Women who decide to have a mastectomy, whether for risk reduction or treatment of breast cancer, have the option of reconstruction to maintain the shape and weight of a breast. If they decide to have the breast rebuilt, then again they have options: implant reconstruction or autologous tissue reconstruction. Autologous reconstruction uses tissue — skin, fat, and sometimes muscle — from another place on your body to form a new breast. The tissue, called a “flap,” usually comes from the belly, the back, buttocks, or inner thighs.
The choice for breast reconstruction is a personal decision between you and your doctor. If implant reconstruction is chosen, this can be done as one procedure or as a two-stage procedure. If it is done as one procedure, this is called direct to implant (DTI). If it is done as two surgeries, in the first stage, a tissue expander is placed to stretch the tissues and make room for the implant. During the second stage, the tissue expander is replaced by an implant. The expander, and the final implant, can be placed under or on top of the chest wall muscle. In breast reconstruction, silicone implants are usually chosen, as they have a more natural look, weight and feel in an intimate setting. Saline and air implants are also commonly used.
However, even with the most natural implants, especially in thin patients, there may be rippling of the implants or, very commonly, thinning of tissue at the upper part of the chest wall. This deformity can be very obvious and distressing to patients. In these cases, lipofilling, also called fat grafting or autologous fat transfer, can be done.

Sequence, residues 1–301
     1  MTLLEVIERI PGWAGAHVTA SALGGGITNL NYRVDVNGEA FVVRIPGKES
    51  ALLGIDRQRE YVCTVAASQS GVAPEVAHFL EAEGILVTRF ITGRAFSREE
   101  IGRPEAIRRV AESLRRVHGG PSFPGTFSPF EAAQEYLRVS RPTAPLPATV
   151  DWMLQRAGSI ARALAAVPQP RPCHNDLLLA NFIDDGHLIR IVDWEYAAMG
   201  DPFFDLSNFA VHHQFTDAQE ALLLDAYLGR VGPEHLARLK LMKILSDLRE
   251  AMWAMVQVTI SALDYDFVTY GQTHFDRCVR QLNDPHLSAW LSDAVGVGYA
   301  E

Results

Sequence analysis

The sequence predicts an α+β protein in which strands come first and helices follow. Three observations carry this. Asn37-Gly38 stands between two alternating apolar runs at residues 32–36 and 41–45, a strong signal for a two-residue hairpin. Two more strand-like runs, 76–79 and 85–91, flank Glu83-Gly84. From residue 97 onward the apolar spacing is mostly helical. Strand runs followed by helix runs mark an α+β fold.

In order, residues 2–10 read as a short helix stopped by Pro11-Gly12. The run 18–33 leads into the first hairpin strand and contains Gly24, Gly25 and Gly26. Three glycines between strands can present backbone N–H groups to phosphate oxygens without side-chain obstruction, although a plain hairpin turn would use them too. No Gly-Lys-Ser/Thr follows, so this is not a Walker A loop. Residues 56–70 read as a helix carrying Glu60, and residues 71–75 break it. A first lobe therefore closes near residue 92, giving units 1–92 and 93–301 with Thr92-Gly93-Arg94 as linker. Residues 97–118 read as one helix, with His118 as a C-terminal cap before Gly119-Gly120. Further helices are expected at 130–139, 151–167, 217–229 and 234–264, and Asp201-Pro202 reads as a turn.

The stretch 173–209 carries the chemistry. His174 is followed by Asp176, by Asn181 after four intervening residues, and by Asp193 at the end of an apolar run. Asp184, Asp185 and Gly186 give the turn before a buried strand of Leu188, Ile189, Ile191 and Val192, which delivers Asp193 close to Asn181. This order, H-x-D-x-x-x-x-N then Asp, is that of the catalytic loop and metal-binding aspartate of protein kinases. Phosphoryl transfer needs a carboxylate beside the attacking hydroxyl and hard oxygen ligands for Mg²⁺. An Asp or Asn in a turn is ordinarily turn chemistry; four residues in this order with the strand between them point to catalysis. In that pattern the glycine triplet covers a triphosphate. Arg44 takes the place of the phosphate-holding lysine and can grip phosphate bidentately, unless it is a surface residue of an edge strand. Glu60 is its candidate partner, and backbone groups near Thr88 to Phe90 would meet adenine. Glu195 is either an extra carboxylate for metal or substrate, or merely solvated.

For fat grafting, suction assisted lipectomy (or liposuction) is done at the beginning of the procedure. The most common, and best, sources of this fat are the flanks and upper abdomen. There are many ways to then process the fat so that the fat which is then used to add volume to the breast has the highest chance of being viable. Your surgeon can share with you the type of process which she or he uses. The fat is injected through tiny incisions to the areas of the breast that need to be filled. Please keep in mind that if you have had multiple belly or abdominal surgeries, you may not be a candidate for this procedure. Also, since fat is taken from the abdomen, if there is a reason that you may need flap reconstruction in the future, the tissue from the abdomen cannot be used. If there is volume loss, or if there is a large volume deficit from the onset, you may need more than one surgical session to fill the area.
Another thing to keep in mind is that some of the fat injected in the breast may be reabsorbed by the body over time. This may mean that there is some volume loss over time, which may result in the breast feeling lumpy. These areas of “lumps” or fat necrosis occur if there is a clump of fat which has little blood flow and dies off. Lumps may also form due to uneven depositing of the fat. This is not problematic, but these lumps may cause concern and anxiety and will need to be evaluated by your doctor.
Fat grafting can also be done for women who have had radiation as part of their breast cancer treatment and have a resultant volume deficit or deformity of the breast. It appears that fat grafting for this purpose does make the breast softer, and radiation effects are not as obvious. By injecting the fat, the skin becomes softer. Fat grafting can also correct the defects.
Fat grafting after a partial mastectomy or lumpectomy may also produce some discrepancies on future mammograms, which may mean that you have to have “second look” imaging, or even a biopsy to determine the nature of the lumps.
Patients must understand that a breast reconstructed entirely with an implant or with their own tissue will create the look and weight of a natural breast. However, the sensation to the skin and nipple will be lost. This is because the nerves that provide sensation to touch must be sacrificed during the surgery, and they do not grow back. Some women have reported that their fat-graft-reconstructed breast has some sensation and feels soft–much like the other unreconstructed breast.